We all need to jump from here to there. Even those of us who aren’t accustomed to leaping.

Until next time, friends.

Dear Mom.

If I had known the last time I saw you was going to be the last time, I would have done everything differently. I would have hugged you tighter, skinny as you were, afraid as I was that I might break you. I would have told you that I loved you. I think I might have said it – I can’t remember – but the odds are that I didn’t, because we didn’t exchange those words easily or often in our family. I would have looked at you more carefully, taking in every detail, the same way – I can see only now, with hindsight – that you looked at me. Because you knew what I didn’t, that this would be the last time.

Today, May 25th, is your birthday. You would have been sixty-five. Your birthday was always my favorite day, more so than my own, which may sound like a lie or revisionist history, but I promise that it isn’t. Is there anything better than carefully selecting a gift that you know its recipient will love, and seeing the delight in their eyes when they open it? That was you, Mom. You loved everything I gave you, and making you happy was so easy that it felt like my super power.

The last time I called you on your birthday was five years ago. That’s when I knew that something was wrong. In truth, I had known for a while. But that phone call was the first time I can ever remember that you weren’t happy to hear from me. Normally, when you’d answer the phone, warmth would flood your voice. “Oh, hi, Sar,” you’d say, almost as though the phone call was a pleasant surprise. Not this time. Instead, your tone was angry, combative. “Mom?” I barked, startled. “What’s wrong with you?”

There’s no need to re-live what happened next, that horrible spiral. I’ve never felt so helpless, never felt so worthless, as I did when I couldn’t reach you, couldn’t save you. And just like that, you were gone.

My whole life, losing you was always my worst fear. And then, my worst fear came true. I lost you in the most wrenching, painful way I could imagine. For a while, I lost myself, too. And in order to find myself again, I walked through hell. I learned some important lessons. Lessons I didn’t want to learn, but lessons that I needed to learn. I wish that heartache wasn’t such an effective teacher, but I don’t know how else I could have discovered the depths of my heart and its capacity for love without having it so badly broken, or how much I truly loved to laugh without shedding so many tears.

And here’s something ironic: when I found myself anew, I found you, too. It was a you that I could only fully understand after you’d gone. A you that you couldn’t show me while you were here. A you that had once been so full of life and love and joy and then something went horribly wrong and it never got right again. A you that urged me not to follow in your footsteps, not to make the same mistakes you’d made. And I listened, Mom. I paid attention. I changed my life. And all the while, I kept wondering:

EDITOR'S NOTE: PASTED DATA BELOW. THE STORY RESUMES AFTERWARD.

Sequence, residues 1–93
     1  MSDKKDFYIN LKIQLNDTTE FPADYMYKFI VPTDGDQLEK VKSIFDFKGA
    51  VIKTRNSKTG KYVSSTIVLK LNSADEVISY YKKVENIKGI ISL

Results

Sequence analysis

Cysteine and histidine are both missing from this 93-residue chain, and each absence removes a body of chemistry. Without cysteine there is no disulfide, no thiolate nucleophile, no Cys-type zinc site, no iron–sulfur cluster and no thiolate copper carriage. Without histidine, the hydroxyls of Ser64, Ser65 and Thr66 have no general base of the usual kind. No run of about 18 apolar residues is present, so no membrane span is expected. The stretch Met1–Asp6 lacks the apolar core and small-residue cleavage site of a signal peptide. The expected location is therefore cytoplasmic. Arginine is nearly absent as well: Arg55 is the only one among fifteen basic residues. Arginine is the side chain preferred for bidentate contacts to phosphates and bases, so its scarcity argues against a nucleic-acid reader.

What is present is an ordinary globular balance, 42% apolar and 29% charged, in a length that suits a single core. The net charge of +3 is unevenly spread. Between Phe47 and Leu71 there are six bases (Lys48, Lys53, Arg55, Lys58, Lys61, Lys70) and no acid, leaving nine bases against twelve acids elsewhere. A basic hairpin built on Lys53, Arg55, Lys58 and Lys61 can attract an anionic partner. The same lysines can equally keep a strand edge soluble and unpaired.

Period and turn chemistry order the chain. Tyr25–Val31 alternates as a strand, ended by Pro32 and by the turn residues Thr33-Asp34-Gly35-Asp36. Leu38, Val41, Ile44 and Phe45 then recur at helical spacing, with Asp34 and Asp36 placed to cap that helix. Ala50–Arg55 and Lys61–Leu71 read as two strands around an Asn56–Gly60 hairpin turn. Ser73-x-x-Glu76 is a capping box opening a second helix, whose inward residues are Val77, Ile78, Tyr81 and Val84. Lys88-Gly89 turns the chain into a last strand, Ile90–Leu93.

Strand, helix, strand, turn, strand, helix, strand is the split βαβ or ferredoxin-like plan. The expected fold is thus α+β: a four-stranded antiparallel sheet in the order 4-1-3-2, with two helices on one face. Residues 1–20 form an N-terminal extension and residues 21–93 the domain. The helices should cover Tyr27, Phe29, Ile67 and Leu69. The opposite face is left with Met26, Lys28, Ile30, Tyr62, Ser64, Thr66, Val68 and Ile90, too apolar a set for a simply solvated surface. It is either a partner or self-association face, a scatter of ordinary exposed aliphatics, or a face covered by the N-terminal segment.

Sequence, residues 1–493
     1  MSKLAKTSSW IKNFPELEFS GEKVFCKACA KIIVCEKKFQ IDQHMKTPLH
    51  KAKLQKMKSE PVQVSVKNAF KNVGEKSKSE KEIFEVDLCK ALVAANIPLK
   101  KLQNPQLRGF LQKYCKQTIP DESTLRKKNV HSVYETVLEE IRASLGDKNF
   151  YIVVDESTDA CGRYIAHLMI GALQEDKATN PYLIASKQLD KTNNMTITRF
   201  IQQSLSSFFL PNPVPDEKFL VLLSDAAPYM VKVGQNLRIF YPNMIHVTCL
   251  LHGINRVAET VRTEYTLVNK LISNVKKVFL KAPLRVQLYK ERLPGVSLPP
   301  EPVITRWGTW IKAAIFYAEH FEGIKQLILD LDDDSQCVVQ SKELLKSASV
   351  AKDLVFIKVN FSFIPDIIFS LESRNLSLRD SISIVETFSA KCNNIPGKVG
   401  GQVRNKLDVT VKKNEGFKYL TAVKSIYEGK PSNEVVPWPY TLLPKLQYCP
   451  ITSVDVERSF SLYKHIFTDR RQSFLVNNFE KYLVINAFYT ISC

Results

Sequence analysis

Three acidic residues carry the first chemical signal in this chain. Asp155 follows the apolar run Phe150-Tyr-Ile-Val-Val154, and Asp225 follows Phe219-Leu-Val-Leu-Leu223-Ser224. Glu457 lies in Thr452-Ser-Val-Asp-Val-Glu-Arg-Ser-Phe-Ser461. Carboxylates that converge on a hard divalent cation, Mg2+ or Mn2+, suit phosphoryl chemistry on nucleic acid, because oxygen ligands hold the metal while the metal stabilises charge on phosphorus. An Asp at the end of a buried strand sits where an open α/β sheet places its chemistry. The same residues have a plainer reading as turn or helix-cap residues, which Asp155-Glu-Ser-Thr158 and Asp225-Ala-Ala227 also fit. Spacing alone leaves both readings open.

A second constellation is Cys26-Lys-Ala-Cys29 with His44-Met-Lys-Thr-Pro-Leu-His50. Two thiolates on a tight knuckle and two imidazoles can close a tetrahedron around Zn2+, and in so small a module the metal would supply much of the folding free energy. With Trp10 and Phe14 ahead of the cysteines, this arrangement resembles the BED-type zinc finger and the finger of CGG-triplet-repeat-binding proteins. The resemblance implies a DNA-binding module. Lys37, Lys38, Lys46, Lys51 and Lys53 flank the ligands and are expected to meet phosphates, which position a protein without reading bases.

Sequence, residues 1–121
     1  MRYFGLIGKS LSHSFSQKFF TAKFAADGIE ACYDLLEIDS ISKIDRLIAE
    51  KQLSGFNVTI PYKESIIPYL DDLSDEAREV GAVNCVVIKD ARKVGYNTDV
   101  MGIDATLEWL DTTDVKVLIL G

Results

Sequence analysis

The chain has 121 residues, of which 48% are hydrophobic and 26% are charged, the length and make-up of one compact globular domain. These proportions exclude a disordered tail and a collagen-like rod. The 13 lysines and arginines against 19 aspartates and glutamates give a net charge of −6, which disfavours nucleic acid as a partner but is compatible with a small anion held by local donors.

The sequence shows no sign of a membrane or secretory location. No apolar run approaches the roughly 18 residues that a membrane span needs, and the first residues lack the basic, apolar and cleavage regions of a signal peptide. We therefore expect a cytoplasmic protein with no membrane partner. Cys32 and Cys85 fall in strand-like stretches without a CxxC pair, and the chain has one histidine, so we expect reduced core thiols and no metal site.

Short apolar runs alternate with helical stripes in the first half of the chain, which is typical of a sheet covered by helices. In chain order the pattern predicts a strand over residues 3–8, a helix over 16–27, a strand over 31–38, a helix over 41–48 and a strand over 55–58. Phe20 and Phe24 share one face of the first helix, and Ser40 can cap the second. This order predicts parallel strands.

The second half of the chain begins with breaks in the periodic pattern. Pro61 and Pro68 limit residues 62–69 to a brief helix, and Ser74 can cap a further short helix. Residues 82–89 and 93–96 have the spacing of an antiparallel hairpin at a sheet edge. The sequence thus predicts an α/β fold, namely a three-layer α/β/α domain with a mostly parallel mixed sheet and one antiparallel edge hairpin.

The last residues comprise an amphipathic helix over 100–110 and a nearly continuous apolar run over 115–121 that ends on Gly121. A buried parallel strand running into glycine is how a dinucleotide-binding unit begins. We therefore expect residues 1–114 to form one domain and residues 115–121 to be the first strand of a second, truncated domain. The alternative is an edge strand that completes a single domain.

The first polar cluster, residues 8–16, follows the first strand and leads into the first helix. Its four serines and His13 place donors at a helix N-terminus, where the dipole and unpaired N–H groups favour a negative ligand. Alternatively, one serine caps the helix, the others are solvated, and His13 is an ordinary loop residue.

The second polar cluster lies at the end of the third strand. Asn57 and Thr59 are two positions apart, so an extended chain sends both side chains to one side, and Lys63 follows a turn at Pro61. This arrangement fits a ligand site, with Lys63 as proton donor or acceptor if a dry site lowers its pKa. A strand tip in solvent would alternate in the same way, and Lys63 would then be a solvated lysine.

Can you see me?

 Do you know?

 Are you proud?

And now, as I continue to move forward in this life, my greatest fear is that I’ll forget you. I worry that the passage of time will erode my memories, and I’ll forget your voice, or your face, or how important you are to me. But then, out of nowhere, I’ll hear your laugh coming out of my mouth, or I’ll see you in the sculpt of my cheekbone or the arch of my brow or the shape of my eye. And then I’ll realize that I can’t possibly forget, because you are part of me, just like I am part of you.

We are alike, Mom, but we are so different, too. I’m not sure how you’d feel about the life I’m living now. I’m certainly braver than I was, certainly taking bigger risks than I used to when you were alive. And the truth is, I feel scared and alone a lot of the time. I wish that wasn’t so. I wish that I could ask you what I should do, or where I should turn. But then I remind myself that I know what’s right, that I have everything I need, and that my fear of regretting the risks I don’t take is far greater than my fear of failure or of making a mistake.

You gave me that. Or rather, losing you did. Your death gave me a sense of urgency that I didn’t have before I lost you. It gave me a heightened awareness of the danger of deferring my dreams. And it taught me how fleeting happiness is, and that when I have a shot at it, I should grab on to it with both hands and hold on for dear life.

That is something I am sure of: no matter what you might think of the life I’m living now, you would want me to be happy. You would want that above all else. And that is something –  I promise you, Mom –  that I am working toward every single day.

Can you see me?

 Do you know?